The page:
The Parish Church of St. Mary,
Essentially, the chancel keeps its 14th century shape and materials. The walls are of gritstone, patched with red sandstone. The latter crumbles easily, and where the external east and west wall has been patched with such stone it needed refacing with reconstituted stone in 1971.
On the south side are two 14 century windows with trefoil lights, and at the east end of the north wall a similar window. But at the west end of this wall is an odd window with a flat arch improvised from foliated fragments.
Over the Priest’s door on the south exterior of the Chancel is a red sandstone block with the inscription;
“I A F 1653”
The initials, presumably of John and Anne Fleetwood, together with the year in which they caused the Chancel to be repaired, in accordance with one of the conditions agreed to when the family leased the Penwortham property from Evesham Abbey in 1539. With the Fleetwoods as lay rectors, responsible for the repair of the chancel, largely governing the church and occupying relatively opulent box pews inside the chancel, it came about that the small door in the Chancel, over which John Fleetwood had put his initial, came to be called the Squire’s Door instead of the more correct designation “Priest’s Door”. The door is now blocked, having remained unused for about a century, although the old wooden door has been kept intact in the boiler room and store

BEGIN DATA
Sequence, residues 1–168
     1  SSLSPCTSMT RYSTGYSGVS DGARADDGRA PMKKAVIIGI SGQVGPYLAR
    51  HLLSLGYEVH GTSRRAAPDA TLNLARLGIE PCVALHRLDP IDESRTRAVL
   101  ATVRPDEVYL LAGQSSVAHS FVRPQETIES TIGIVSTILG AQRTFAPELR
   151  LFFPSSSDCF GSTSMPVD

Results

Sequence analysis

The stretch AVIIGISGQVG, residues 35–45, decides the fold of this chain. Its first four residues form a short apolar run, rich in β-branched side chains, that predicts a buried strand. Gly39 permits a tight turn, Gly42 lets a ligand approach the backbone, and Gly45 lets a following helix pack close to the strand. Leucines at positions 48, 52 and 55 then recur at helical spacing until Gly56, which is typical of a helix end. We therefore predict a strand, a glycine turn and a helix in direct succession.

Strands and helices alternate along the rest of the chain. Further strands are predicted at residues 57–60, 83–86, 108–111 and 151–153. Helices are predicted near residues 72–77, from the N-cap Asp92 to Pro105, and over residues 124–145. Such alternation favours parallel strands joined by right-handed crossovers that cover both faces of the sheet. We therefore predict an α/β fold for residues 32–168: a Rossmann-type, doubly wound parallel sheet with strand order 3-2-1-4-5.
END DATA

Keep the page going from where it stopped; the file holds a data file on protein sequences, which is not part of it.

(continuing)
The Chancel rood is ancient of framed spars; it was covered with blue slates in 1855-
By 1884 the two canopied balustraded box pews had been removed from the west end of the chancel and were replaced by the back rows of the present choir stalls. The front rows were fitted in 1946 to accommodate a robed choir; previously the choir had occupied pews near the organ at the back of church.
We look at each of the five windows in the Chancel in turn, beginning with the strange window near the organ console, and then going clockwise around the Chancel.
|St. Mary's Before Re-ordering|
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